Start your Nginx service using the command below:

$ sudo /etc/init.d/nginx start

If you want to configure Nginx to start at boot time, run the command below:

$ sudo update-rc.d nginx defaults

Step 3:
Installing Apache

With Nginx activated, you can now install Apache to handle proxied requests.

To install Apache run the command below:

$ sudo apt-get install apache2

Until now, Nginx is still turned off, so Apache will be operating on port 80.

Step 4:
Configuring Apache

We directed Nginx to direct the proxy to port 8080 which is where Apache listens to receive requests. Now we should direct Apache to utilize port 8080 and leave port 80 for Nginx. Now go ahead and open the Apache ports to set them on the correct port on Apache.

Run the command below to open your Apache Ports file:

$ sudo nano /etc/apache2/ports.conf

Search and edit the lines below to ensure Apache is running on the preferred port 8080 from the localhost:


Save the file and exit. Now restart your Apache service:

$ sudo /etc/init.d/apache2 restart

You can configure Apache to start at boot time using the command below:

$ sudo update-rc.d apache2 defaults

Next, edit the default virtualhost file:

$ Sudo /etc/apache2/sites-enabled/000-default.conf

Ensure the configuration is like the one below:

        ServerAdmin webmaster@localhost
        DocumentRoot /var/www/
        ErrorLog ${APACHE_LOG_DIR}/error.log
        CustomLog ${APACHE_LOG_DIR}/access.log combined

Save the content and exit, then restart both Nginx and Apache services using the command below:

$ sudo /etc/init.d/apache2 restart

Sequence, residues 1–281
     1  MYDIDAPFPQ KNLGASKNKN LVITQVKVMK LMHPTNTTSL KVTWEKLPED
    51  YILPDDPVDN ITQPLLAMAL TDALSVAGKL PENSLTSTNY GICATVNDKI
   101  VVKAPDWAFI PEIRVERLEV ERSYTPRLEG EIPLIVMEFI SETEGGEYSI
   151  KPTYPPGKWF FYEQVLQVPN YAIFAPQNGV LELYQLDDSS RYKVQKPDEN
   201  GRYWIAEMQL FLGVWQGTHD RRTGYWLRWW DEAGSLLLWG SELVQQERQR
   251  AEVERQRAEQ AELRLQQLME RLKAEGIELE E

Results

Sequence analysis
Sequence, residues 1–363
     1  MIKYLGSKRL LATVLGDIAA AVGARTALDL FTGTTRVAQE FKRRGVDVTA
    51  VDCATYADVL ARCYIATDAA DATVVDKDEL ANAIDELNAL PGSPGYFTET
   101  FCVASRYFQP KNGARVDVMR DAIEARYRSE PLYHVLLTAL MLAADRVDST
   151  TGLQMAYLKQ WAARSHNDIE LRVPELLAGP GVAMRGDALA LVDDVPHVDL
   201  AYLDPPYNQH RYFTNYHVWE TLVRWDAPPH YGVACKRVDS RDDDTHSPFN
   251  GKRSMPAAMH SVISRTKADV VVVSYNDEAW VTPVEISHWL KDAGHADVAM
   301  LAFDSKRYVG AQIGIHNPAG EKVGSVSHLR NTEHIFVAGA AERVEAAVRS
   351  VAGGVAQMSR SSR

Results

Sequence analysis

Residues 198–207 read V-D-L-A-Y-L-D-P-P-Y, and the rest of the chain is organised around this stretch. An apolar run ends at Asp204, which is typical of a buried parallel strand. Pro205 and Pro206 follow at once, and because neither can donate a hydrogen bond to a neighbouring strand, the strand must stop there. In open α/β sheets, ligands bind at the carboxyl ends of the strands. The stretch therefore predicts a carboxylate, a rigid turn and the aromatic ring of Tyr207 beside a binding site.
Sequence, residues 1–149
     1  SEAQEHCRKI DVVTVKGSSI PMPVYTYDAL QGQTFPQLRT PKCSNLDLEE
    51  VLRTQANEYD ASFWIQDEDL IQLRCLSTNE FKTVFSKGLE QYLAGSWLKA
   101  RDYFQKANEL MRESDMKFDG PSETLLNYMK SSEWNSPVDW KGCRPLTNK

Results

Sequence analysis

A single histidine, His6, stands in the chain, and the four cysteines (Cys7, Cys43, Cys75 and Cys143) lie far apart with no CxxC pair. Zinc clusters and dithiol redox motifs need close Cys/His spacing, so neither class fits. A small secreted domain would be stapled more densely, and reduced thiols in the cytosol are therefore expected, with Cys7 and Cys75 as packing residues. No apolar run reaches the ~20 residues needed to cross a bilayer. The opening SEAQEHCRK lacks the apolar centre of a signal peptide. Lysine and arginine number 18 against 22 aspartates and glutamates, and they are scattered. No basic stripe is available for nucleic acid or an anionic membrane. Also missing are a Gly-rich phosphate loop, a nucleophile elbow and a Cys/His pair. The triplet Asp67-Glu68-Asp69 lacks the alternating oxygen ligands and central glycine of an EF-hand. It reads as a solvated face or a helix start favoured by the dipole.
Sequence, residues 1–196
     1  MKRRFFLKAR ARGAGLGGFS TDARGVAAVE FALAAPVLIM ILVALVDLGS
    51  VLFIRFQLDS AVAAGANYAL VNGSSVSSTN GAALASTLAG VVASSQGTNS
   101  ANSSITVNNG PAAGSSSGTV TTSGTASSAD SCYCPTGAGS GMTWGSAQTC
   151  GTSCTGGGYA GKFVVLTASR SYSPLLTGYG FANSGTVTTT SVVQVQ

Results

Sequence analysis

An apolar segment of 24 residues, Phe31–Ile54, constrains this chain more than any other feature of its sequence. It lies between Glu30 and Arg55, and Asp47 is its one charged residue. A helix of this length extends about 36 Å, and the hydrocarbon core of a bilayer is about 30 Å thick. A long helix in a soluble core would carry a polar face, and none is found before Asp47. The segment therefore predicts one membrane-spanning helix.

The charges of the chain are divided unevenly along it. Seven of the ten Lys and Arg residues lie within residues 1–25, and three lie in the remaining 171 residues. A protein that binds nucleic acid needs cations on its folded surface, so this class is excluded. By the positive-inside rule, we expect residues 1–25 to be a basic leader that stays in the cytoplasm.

$ sudo /etc/init.d/nginx restart

Step 5:
Installing PHP5

Before testing anything, make sure you install PHP with the command below:

$ sudo apt-get install php5

Save and exit then restart both the Nginx and Apache services to apply these changes:

$ sudo service apache2 restart
$ sudo service nginx restart

Step 6:
Testing the Nginx Reverse Proxy

On configuring everything properly, you can test the functionality of Nginx reverse proxy. To do this, run the curl command as shown below:

$ curl -I localhost

You should see the text below:

HTTP/1.1 200 OK
Server: nginx/1.6.2 (ubuntu)
Date: Wed, 28 July 2016 08:34:02 IST
Content-Type: text/html
Content-Length: 11321
Last-Modified: Tue, 31 June 2016 10:25:08 IST
Connection: keep-alive
Vary: Accept-Encoding
ETag: "564f1a7a-2c39"
Expires: Wed, 28 July 2016 08:34:31 IST
Cache-Control: no-cache
Accept-Ranges: bytes

Winding Up

Now everything is set up, but we are going to test whether the system information is being directed to apache by running a quick PHP script.

Create your file using the command below:

$ sudo nano /var/www/info.php

Include these lines into your file:

phpinfo( );

Now save your file and exit. Next, open your browser and type the address below ( replace the “Domain or IP address” with your correct domain name.


This page will pop up:


By now you should have NGINX as a reverse proxy for Apache on Ubuntu 16.04.  Successful configuration of nginx and Apache can be a great boost to your server.